About one-third of the time, if a couple is having trouble getting pregnant, the problem may have to do with sperm. For this reason, your doctor will usually order a semen analysis for your male partner. Your partner will be asked to produce a fresh semen sample, usually by masturbation. A small part of the sample will be examined under a microscope in a clinical laboratory to gather more information about the quantity and quality of sperm in the entire ejaculate. Results from the analysis are helpful for your doctor to decide whether intercourse, insemination or in vitro fertilization (IVF) would be the best course of treatment. The information from the semen analysis will usually include the following information:
Normal ranges for semen characteristics have been established by the World Health Organization. For any single semen analysis, some results may fall within normal ranges, and others may be considered abnormal. For instance, a man may have a normal sperm count but a very low sperm motility. That means that he has plentiful sperm numbers, but the sperm have poor swimming ability.
If your partner’s sperm sample is sub-optimal, your fertility doctor might ask about lifestyle factors that can affect sperm quality. Testicles are kept outside the body in the scrotal sac, rather than deep inside the body, to keep them cooler than the internal body temperature. Cooler temperatures are ideal for optimal sperm production and quality. Exposure to sustained high-heat conditions can negatively affect sperm quality. Frequent use of a hot tub, wearing tight pants, occupations such as welding or fire-fighting, and even high body temperatures brought on by a recent fever can reduce sperm quality temporarily.
Certain medications, over-the-counter or prescribed, can also reduce sperm quality. One class of medications to control high blood pressure-- called calcium-channel blockers-- reduce the fertilizing ability of sperm by impacting cellular receptors on the sperm without noticeably affecting most semen analysis results.
Taking anabolic steroids or supplemental testosterone can reduce sperm count to zero, a condition called azoospermia. If your doctor prescribes androgen therapy, he or she should monitor for any effects on semen count by ordering semen analysis labs.
Although most classes of antibiotics do not harm sperm production, Sulfasalazine, used to treat ulcerative colitis, has been shown to decrease human sperm concentration and motility. These effects are not permanent, but patients who are concerned about fertility can use an alternative antibiotic, 5-amino salicylic acid which does not affect semen parameters.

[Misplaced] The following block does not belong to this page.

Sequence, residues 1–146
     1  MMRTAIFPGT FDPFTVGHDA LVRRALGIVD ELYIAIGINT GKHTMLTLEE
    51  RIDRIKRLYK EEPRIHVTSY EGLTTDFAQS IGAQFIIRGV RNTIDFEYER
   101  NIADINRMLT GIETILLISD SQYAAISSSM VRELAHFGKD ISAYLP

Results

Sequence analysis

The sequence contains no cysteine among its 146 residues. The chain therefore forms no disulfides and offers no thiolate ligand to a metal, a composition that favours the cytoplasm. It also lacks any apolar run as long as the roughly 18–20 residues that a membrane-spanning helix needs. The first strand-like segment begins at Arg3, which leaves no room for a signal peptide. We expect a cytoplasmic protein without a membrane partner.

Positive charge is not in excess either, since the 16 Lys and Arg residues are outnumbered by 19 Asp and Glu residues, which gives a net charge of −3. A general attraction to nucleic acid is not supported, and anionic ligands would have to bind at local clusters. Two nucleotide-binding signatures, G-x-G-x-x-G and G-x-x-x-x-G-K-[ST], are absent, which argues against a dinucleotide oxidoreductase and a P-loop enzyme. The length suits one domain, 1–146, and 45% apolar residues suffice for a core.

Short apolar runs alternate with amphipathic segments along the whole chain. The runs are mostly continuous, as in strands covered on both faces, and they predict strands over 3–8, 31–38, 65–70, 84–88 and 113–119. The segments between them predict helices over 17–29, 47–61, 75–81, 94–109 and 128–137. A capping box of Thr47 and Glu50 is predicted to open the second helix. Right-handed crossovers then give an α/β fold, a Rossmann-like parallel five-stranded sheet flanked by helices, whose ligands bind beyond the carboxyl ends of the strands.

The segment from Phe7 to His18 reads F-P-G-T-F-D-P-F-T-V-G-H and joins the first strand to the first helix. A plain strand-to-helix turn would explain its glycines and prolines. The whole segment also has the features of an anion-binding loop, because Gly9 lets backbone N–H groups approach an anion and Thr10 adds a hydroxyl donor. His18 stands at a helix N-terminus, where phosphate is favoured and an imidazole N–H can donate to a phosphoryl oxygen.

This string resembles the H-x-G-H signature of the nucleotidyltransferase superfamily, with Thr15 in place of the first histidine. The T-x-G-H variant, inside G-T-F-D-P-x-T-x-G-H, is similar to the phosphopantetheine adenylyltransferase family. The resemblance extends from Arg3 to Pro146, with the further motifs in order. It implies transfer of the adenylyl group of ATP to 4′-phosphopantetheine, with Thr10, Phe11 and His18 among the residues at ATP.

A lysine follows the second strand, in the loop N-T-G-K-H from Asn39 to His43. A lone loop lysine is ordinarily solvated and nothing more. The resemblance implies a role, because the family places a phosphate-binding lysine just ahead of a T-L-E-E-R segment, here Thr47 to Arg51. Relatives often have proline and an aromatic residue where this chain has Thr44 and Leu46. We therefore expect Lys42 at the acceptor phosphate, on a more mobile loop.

Some classes of medications used to treat depression can also affect sperm quality. One side-effect of many anti-depressants is that the hormone prolactin is increased, which suppresses sperm production, but the effect is reversible. Epilepsy medications, such as valproate, oxcarbazepine, and carbamazepine, disturb the normal hormonal balance. Some studies suggest a correlation with the use of these medications and morphological (shape) defects in sperm.
Chemotherapy agents used to treat cancers generally have a negative effect on both sperm quality and quantity. Patients anticipating chemotherapy are urged to bank semen samples for future use if they are able to before treatment begins.
Because medications can cause problems with sperm count and quality, it is important to discuss all medications and supplements that you are taking with your doctor. It is often possible to use alternative prescribed medications that are more fertility-friendly. Most medication effects and lifestyle effects on sperm are reversible. Because it takes approximately 74 days for each batch of sperm to be made, a repeat semen analysis three months after negative factors have been addressed may show an improvement in sperm count and quality.
Some sperm factors are more serious and non-modifiable, including being born with undescended testicles and having surgical correction late (sperm germ cells would have been damaged) and mumps orchitis, which can usually can be traced back to mumps in childhood.
Some couples choose to use herbal or dietary supplements to improve sperm quality because they want to try a natural alternative. Though natural, these alternatives may be neither safe, nor effective. Compared to FDA-approved prescription medications, very little research to prove effectiveness and safety for supplements is available. Even for prescription medications, fertility effects are generally not as well-studied, because most of the research on new drug safety is focused on life-threatening, not fertility, side effects. Frequently, the only information about a drug’s effect on fertility may be from animal research studies, which may or may not be similar to side effects the drug might cause in humans.
Discuss the use of any alternative supplements with your doctor, because the FDA applies only very limited regulation to supplements. Supplements do, however, have the same potential for side effects and drug interactions as prescription drugs. Keep in mind that even if a supplement were able to improve sperm, because of the time frame for new sperm to be produced, it will take the better part of three months to improve sperm quality. Be aware also that as you are delaying other types of proven treatments, your ovaries are aging.
Take all these factors into account when deciding what methods to try, but if in doubt, ask your doctor if it’s a good idea for you to try supplements and treatment at the same time, so that if the treatment doesn’t work, you might have improved your sperm quality for the next round of treatment.